Nor are employees likely to believe that the Notice is their employer’s speech.
[citations omitted]. The court rejected NAM's attempt to distinguish FAIR because the speech here is a “slanted list of rights that unfairly promotes unionization while pointedly omitting a host of other critical employee rights,” noting even if the court could determine the meaning of "slanted," it is well settled that the government may make content-based choices about its own speech.
The court rejected NAM's arguments regarding preemption, as well as its statutory and administrative law arguments. It therefore entered summary judgment in favor of the government.Given the vigor with which NAM has litigated similar issues, it will most likely appeal. However, recently appointed Judge Mehta has authored a closely reasoned opinion that should withstand review.
In its lengthy, well-reasoned, and unanimous opinion in American Civil Liberties Union (ACLU) v. Clapper, the Second Circuit today concluded that NSA's bulk telephony metadata collection is not authorized by §215 of the PATRIOT Act, 50 USC §1861(b)(2)(A). After hearing oral arguments last September, the panel reversed the district court's opinion that had rejected both the statutory and constitutional challenges to the scheme. Recall that this widespread collection has been controversial since the program was first revealed through information obtained by Edward Snowden; we've additionally discussed the issues here, here, and here.
The Second Circuit, in the opinion authored by Gerard Lynch, did agree with the district judge that the ACLU plaintiffs had standing to challenge the collection of call records. The court stated that "the government’s own orders demonstrate that appellants’ call records are indeed among those collected as part of the telephone metadata program." The court rejected the government's contention that any alleged injuries depend on the government's reviewing the information collected rather than simply collecting it: the collection is [challenged as] a seizure and the Fourth Amendment prohibits both searches and seizures. The court distinguished Amnesty International v. Clapper in which the United States Supreme Court's closely divided opinion concluded that the alleged standing was based on a "speculative chain of possibilities." Instead:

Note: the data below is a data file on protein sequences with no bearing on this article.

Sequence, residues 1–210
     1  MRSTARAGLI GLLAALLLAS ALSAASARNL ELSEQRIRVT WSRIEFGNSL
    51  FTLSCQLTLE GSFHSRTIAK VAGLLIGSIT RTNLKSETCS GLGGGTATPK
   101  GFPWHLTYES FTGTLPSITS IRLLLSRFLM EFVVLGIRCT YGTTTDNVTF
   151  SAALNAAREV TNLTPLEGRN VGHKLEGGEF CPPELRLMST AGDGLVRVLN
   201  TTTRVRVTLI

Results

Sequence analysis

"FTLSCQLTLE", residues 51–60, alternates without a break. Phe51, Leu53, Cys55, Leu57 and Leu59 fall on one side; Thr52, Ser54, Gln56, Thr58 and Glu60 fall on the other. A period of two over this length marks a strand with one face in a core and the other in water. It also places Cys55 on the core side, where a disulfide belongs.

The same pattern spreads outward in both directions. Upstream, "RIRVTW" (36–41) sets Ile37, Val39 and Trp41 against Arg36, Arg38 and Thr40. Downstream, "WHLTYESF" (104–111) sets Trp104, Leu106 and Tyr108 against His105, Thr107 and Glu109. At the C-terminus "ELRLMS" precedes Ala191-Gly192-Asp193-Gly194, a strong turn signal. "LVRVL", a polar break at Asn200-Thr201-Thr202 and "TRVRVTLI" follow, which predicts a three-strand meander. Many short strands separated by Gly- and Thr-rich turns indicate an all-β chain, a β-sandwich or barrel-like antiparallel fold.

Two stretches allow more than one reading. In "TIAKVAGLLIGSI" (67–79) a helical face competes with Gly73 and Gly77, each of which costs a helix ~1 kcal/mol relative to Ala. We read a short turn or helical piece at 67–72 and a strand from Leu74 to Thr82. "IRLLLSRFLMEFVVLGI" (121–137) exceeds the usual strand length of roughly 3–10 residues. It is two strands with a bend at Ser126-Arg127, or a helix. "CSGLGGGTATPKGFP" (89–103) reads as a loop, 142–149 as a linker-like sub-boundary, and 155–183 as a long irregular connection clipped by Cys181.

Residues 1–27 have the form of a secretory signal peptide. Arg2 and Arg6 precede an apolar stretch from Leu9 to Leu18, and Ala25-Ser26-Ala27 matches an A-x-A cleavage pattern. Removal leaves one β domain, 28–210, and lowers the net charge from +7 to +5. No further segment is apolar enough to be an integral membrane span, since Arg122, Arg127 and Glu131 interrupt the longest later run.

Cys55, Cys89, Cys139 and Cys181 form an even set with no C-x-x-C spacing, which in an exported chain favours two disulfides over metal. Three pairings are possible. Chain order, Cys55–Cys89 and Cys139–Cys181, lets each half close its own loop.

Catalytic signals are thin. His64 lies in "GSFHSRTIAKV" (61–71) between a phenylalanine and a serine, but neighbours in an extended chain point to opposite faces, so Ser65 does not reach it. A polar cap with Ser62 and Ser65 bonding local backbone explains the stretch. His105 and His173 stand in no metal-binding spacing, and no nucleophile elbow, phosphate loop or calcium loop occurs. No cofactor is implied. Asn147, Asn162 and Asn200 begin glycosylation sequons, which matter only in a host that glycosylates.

appellants’ alleged injury requires no speculation whatsoever as to how events will unfold under § 215 – appellants’ records (among those of numerous others) have been targeted for seizure by the government; the government has used the challenged statute to effect that seizure; the orders have been approved by the FISC; and the records have been collected.
The panel likewise held that the ACLU organizations have standing to assert a First Amendment violation regarding its own and its members' rights of association.
However, the court did not rule on the Fourth and First Amendment claims explicitly, although its conclusion regarding §215 occurs in the shadow of the constitutional issues, or as the court phrases it: "The seriousness of the constitutional concerns" has "some bearing on what we hold today, and on the consequences of that holding."
What the court does hold is that "the telephone metadata program exceeds the scope of what Congress has authorized and there violates §215." After a discussion of the program and §215, it first considers the government's arguments that the judiciary is precluded from considering the issue. The court interestingly observes that judicial preclusion here would "fly in the face of the doctrine of constitutional avoidance."